rusty_armour (rusty_armour) wrote,
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Fic: The Griffin



Title: The Griffin (1.5/2)
Author: Rusty Armour
Fandom: Robin of Sherwood
Characters: Robert of Huntingdon, Will Scarlet, Nasir, Tuck
Category: General, mystical
Rating: PG-13ish
Word Count: 1,233
Summary: Robin has started sleepwalking, but no one knows why. The only clue is the vision of a griffin.
Spoilers: Nothing specific. Mostly general spoilers for the series as a whole.
Notes: This is a present for karen9 to celebrate not only her birthday but her first RoS convention! :-D She’ll be attending The Hooded Man in May. Apologies for not being able to provide the whole story on the big day, karen9. I’ll post the conclusion as soon as I can. In the mean time, I hope you’ll get some enjoyment out of this first installment.

This story takes place some time after “The Time of the Wolf”.

Disclaimer: This story is based on Richard Carpenter's series Robin of Sherwood. Most of the characters are the property of Richard Carpenter, Robin May, Anthony Horowitz and the RoS production team.







It wasn’t Herne who woke Will but Much. Will stared up at him blearily, not even sure who had roused him, before he made out Much’s curly head in the darkness and the young man whispered, “It’s happening again.”

Will sighed, nodded sleepily and stumbled out of his bedding. He had only taken a few steps when he heard the sound of snoring. He looked down and saw a large lump covered in furs by his feet.

“I didn’t want to disturb him,” Much said. “He looks so peaceful.”

“If I ’ave to be awake then so does ’e.” Will nudged the lump with his boot, and Tuck snorted awake.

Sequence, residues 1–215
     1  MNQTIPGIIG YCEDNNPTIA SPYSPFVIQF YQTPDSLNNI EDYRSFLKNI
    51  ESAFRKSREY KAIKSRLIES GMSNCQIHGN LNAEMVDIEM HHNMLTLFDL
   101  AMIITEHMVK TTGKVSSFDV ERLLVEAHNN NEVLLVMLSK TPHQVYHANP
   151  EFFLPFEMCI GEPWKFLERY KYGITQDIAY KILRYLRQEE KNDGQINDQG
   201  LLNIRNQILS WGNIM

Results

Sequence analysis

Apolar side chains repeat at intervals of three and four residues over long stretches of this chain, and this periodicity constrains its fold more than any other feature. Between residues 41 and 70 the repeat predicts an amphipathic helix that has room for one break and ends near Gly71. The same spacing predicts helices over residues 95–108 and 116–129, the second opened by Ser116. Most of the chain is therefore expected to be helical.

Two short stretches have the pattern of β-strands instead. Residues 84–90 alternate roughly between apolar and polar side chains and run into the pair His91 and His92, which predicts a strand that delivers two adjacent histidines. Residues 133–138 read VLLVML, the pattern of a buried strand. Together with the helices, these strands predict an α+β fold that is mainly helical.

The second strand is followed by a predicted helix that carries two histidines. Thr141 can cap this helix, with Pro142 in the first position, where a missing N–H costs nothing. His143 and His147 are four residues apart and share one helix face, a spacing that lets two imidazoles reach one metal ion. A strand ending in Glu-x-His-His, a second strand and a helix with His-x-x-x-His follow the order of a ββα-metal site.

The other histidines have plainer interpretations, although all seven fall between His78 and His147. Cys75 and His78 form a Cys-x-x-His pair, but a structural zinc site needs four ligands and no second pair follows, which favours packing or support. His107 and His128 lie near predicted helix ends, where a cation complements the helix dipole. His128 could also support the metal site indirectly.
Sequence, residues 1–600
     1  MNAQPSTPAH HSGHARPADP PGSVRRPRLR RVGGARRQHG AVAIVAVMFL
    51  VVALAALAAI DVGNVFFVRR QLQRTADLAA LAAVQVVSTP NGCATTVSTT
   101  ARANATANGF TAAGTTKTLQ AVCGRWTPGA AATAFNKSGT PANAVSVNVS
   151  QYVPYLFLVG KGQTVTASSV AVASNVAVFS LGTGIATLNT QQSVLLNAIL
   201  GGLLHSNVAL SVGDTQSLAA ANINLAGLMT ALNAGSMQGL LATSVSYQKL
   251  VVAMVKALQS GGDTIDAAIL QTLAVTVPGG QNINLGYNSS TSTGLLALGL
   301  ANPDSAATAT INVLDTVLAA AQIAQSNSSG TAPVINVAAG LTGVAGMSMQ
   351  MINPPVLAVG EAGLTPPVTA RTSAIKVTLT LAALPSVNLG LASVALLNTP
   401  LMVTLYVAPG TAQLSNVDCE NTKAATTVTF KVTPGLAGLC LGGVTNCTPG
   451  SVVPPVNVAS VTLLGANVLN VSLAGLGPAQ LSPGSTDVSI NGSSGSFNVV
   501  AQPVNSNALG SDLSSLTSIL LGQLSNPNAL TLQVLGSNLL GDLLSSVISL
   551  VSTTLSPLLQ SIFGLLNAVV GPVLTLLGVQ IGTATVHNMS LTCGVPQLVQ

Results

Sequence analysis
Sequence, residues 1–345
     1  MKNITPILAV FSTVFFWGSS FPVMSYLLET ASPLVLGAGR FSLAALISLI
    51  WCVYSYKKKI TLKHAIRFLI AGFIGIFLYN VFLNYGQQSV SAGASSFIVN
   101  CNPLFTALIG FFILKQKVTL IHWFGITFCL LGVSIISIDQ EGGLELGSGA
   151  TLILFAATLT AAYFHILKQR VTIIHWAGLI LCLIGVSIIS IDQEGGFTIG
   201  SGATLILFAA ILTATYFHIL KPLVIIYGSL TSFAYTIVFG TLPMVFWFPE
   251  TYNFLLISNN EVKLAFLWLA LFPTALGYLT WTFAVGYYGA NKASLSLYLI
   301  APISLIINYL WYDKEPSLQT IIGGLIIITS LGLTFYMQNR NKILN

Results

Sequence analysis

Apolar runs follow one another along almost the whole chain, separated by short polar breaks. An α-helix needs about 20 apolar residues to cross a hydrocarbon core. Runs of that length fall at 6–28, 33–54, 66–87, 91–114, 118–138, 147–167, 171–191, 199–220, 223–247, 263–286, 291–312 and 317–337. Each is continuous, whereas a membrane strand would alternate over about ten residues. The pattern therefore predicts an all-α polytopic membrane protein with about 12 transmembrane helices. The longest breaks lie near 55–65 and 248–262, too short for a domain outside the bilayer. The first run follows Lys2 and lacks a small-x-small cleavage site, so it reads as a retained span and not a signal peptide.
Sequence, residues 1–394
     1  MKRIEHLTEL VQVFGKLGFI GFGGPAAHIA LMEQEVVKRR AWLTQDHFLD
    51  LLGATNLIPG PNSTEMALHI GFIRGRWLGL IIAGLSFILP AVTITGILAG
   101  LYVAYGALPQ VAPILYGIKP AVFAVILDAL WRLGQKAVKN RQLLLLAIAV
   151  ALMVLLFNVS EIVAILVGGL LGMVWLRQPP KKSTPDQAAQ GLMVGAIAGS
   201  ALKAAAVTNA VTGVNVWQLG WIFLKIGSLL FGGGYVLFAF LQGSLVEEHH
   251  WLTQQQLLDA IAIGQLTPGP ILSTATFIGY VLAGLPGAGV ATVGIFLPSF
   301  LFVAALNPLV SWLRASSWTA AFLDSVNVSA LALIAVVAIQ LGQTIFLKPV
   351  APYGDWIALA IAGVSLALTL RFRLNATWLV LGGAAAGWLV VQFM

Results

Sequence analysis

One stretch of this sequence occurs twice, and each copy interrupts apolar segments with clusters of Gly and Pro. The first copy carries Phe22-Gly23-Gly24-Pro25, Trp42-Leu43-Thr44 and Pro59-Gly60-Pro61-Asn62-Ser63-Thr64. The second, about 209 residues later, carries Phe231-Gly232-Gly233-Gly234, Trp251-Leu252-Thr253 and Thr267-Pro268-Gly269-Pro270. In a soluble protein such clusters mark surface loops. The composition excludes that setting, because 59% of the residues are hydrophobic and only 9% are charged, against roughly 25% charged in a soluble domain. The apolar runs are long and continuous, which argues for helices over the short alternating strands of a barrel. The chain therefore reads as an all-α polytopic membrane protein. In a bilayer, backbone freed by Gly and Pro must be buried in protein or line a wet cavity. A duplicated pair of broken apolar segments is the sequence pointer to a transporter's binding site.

“’E’s off again.”

Tuck yawned and rubbed his eyes. “Robin?”

“Who else?”

Tuck stretched out his arms, and both Will and Much hauled him to his feet. “Do you think this is the night?”

“Who can say? Even ’Erne ’asn’t got a bloody clue what’s going on.”

When Robin had gone to seek advice from Herne, he had received a riddle that was as cryptic as usual:

The griffin seeks the treasure that was lost, the treasure that should have been protected, but was stolen instead.

The thought of treasure had thrilled everyone. Was this lord with the griffin on his coat of arms riding through Sherwood with his ill-gotten riches? Had he hoped to avoid cutthroats by travelling at night, and was that the reason why Robin kept being led to the road in his sleep? Both Robin and Tuck had been quick to point out that Herne’s riddle could mean anything, and that they shouldn’t expect caskets bursting with gold. However, despite their cautious attitude, Robin and Tuck couldn’t hide their enthusiasm. Herne’s riddles might not make sense, but they always led to adventure if nothing else.

As Will headed wearily after Robin, with Much and Tuck in tow, he wondered if any treasure was worth sacrificing more sleep. They had all followed Robin the previous night and had remained with him as he stood on watch, staring sightlessly at the road. Then, when the first rays of sunlight began to filter through the trees, Robin woke, gazed around in confusion for a moment, and walked wordlessly back to the camp. Will wondered if tonight would just be more of the same.

“Wild goose chase,” Will muttered.

“What was that, Will?” Much asked.

“Nothing.”

When they reached the road, Will was surprised to see an air of excitement in the group when he had assumed everyone would be bored and restless. What was even more startling was when Robin turned at their approach and walked towards them.

“You’re awake,” Tuck said.

Robin smiled, his teeth gleaming in the moonlight. “No one could sleep with all that noise.”

“Noise?” Much asked. He sounded confused, and Will couldn’t blame him.

Robin tugged on Much’s arm, and they all moved nearer to the road. Will concentrated, tilting his head slightly to hear this mysterious sound that had apparently woken Robin. Then, he found it took no effort at all, for it was a sound he knew only too well: the rattle of wheels on the road. However, there was something odd about them. Although the wagon they were attached to was not yet in sight, it sounded much closer.